Benefits of pulses in the rotation

Attention to detail is  key when it comes to successful pulse growing according to respondents to BASF’s state of the nation survey on pulses. Optimising the agronomy of these break crops brings benefits across the rotation, with  a yield boost to the following crop the most recognised gain.

Toby Hogsbjerg is growing 28 ha of large blue combining peas near Kings Lynn in Norfolk. He said, “Often there seems to be a lack of care and attention with some of these pulse crops, they don’t get the chance to be as productive as they could be as they are often a last minute break crop.

For us, peas are a good replacement for oilseed rape (OSR)  because they ease the workload. They also give a good entry for winter wheat, free nitrogen, an improvement in soil health, there’s a readily available market and a good price if you get the quality and they are well suited to my soil type. Peas are definitely a good crop to grow but they do need the attention to detail. ”

According to Mr Hogsbjerg, good establishment is crucial because that is the backbone of the whole pea crop. He said, “You have to have a really good seedbed, get the crop in, up and away as evenly as possible. Our peas went into land which had been ploughed and pressed for winter barley that didn’t get planted. In the spring we sprayed it off, fertilised it, took the wheelings out, cultivated and drilled the peas at the end of March.

The peas probably went in a week earlier than they should have done but it worked out well because our land is very, very light, so they were in before the dry weather and just kept on going.”

Mr Hogsbjerg, in common with over 80% of respondents to BASF’s survey applied a pre-em herbicide to his crop. He said, “You have got to make sure you get the best out of your pre-em. I applied Nirvana® and Centium and they have done a really good job this year.”

Currently there is no disease evident and the peas are beginning to put out pods. Last week Mr Hogsbjerg applied trace elements, due to deficiency and recommendation, and fungicide. He said, “I applied the fungicide Signum® as it’s the only product I know that does the job on peas, it worked well for me last year.”

Iain Ford, Business Development Manager BASF said, “Our survey found that 40% of combining pea and field bean growers use Signum® which offers excellent disease control and  is an ideal replacement for chlorothalonil (CTL) in pulses.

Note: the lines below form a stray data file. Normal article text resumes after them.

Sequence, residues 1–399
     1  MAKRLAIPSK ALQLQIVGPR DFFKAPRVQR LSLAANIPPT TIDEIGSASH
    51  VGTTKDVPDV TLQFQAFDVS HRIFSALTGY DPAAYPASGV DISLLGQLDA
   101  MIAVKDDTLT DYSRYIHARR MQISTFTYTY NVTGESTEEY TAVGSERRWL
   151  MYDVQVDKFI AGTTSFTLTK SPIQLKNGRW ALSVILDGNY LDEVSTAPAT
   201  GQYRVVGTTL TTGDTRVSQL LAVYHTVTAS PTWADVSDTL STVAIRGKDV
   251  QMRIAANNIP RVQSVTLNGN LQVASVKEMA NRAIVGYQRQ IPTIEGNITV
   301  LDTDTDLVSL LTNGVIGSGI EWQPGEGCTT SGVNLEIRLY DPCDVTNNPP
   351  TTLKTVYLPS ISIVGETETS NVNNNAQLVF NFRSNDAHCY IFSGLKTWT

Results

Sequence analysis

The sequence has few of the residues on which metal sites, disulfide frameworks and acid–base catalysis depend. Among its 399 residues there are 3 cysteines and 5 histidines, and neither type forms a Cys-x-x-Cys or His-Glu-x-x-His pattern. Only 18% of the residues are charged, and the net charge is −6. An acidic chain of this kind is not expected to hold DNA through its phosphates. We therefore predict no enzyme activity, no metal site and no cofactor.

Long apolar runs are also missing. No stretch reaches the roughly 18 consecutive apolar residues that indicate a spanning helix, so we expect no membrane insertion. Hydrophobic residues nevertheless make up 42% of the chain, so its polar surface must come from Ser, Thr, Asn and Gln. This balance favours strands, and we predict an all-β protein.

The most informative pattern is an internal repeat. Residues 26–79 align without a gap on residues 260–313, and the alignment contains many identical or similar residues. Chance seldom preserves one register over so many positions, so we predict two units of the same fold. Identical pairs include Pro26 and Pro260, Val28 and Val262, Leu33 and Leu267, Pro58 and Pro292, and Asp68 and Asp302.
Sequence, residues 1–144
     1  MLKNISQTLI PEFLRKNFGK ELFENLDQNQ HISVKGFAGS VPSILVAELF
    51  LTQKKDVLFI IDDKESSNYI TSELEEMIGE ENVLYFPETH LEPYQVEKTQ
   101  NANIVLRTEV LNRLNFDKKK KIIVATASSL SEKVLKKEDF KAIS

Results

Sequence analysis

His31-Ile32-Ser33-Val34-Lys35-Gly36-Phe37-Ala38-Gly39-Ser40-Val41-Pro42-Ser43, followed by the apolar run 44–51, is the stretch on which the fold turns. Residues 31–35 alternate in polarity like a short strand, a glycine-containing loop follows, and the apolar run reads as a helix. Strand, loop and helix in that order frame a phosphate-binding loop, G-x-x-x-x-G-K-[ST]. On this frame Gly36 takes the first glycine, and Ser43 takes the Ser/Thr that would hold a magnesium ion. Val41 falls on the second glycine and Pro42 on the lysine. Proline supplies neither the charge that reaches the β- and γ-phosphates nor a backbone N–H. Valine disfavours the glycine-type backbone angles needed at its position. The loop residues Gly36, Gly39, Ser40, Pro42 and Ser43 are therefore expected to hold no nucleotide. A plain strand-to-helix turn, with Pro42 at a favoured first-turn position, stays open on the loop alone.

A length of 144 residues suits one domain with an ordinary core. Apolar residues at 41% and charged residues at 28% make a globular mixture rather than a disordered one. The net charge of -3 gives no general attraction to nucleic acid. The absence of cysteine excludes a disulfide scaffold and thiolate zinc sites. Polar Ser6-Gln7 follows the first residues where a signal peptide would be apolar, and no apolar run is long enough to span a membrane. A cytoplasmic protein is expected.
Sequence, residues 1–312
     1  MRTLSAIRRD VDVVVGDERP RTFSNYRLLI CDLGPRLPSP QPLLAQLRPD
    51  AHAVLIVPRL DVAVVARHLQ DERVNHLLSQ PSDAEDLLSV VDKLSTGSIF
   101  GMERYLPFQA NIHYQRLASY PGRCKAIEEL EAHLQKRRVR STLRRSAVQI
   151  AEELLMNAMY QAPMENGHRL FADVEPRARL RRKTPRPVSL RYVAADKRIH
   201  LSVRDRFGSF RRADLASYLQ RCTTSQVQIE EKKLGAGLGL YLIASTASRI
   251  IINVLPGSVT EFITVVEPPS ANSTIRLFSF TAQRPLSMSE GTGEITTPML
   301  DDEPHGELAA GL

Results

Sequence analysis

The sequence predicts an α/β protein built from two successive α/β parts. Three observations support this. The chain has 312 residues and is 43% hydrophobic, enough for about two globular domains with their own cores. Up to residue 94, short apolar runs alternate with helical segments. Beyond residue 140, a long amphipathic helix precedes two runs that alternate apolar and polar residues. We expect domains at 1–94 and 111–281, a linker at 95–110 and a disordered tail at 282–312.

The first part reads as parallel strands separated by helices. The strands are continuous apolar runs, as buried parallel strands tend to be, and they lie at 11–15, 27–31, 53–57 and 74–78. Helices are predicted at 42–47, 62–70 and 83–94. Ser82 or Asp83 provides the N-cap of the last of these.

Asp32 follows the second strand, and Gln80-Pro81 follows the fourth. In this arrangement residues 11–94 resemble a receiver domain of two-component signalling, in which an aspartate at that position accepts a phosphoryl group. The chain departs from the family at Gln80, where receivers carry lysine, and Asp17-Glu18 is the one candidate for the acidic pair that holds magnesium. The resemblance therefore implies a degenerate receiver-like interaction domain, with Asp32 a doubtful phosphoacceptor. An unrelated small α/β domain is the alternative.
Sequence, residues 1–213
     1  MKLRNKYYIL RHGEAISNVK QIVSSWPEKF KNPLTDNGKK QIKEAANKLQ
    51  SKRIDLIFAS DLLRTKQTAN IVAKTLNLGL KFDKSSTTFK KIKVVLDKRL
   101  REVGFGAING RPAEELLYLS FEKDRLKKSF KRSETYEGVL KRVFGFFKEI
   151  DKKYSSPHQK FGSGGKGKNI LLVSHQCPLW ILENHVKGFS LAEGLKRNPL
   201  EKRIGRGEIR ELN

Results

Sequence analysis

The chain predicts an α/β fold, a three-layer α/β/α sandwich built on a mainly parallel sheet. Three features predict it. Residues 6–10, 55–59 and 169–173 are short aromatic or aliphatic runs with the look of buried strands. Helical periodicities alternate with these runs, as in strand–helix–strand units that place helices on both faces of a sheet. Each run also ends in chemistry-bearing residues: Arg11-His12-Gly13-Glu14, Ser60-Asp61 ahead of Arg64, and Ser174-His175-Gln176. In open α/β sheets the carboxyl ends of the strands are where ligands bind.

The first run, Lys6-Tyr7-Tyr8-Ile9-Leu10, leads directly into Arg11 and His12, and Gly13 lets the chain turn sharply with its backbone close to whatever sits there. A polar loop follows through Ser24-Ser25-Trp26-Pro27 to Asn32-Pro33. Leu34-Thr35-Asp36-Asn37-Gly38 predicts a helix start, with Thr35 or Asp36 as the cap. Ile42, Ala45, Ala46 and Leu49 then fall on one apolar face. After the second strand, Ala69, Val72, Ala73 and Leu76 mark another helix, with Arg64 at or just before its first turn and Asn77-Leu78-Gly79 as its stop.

At the moment the disease level is low in crops, it has been relatively dry and that has kept the lid on disease but that could easily change. Applying fungicides is not always about reacting to what is there today, we are protecting the crop for what’s to come in the next few weeks.” Signum® contains boscalid (SDHI) and pyraclostrobin (strobilurin), both of which have activity against the main diseases in both peas and beans.

Last year BASF carried out trials across a number of sites, including work with PGRO, on peas and beans and found the same level of disease control from each of the products:  a CTL mixture, an azoxystrobin and tebuconazole mixture and Signum®. However, Signum® treated plots yielded better.

Mr Ford said, “Both the boscalid and the pyraclostrobin have physiological effects on the crop which help to increase green leaf area retention and promote increased yield. Although on paper other fungicides may look cheaper per hectare, the yield benefit achieved by using Signum® gives a better margin over the fungicide input cost.”

The BASF survey highlighted the increase in spring beans in the ground this year. In mid Suffolk, weather conditions in the autumn stopped  Jeremy Squirrell  planting as many winter beans as usual and so he  increased his spring bean area to 47 ha. He said, “We grow beans regularly, purely for a rotational benefit, instead of just growing oilseed rape, which is an incredibly risky crop to grow nowadays.

We are firm believers of a good rotation and the benefits that brings to the following crop. We always follow beans with a first wheat, unless weather conditions stop us getting it in. All break crops bring a yield advantage over just growing continuous cereals, some years it might be a small percentage, other years it could be over 2t/ha difference.”

Work by PGRO has shown an average yield increase of 0.7 – 1.0 t/ha to winter wheat following beans and 50-75 kg/ha residual nitrogen following a crop of pulses.

Mr Ford said, “ We want to encourage growers to look at the profitability of the whole rotation rather than the profitability of one crop in one season.  If we are getting a yield boost in the following crop, the value of that could in theory be credited to the margin achieved by the previous pulse crop so growers have to look at the profitability over those two years.”

BASF are sponsoring Mr Hogsbjerg and Mr Squirrell’s entry to the pea and bean YEN. Mr Hogsbjerg said, “I decided to take part in the YEN in order to provide  more data to the project. It’s about trying to increase productivity of what could be a more productive crop if grown to the level that British growers are capable of.”

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About The Author

John Swire - Deputy editor of Agronomist and Arable Farmer as well as responsibility for the Agronomist and Arable Farmer and Farm Business websites. After 17 years milking cows on the family farm John started writing about agriculture in 1998 and has since written for a variety of publications and has developed a wide circle of contacts within the industry. When not working John is a season ticket holder at Stoke City and also of late has become a fitness freak, listing cycling, swimming and walking as his exercises of choice.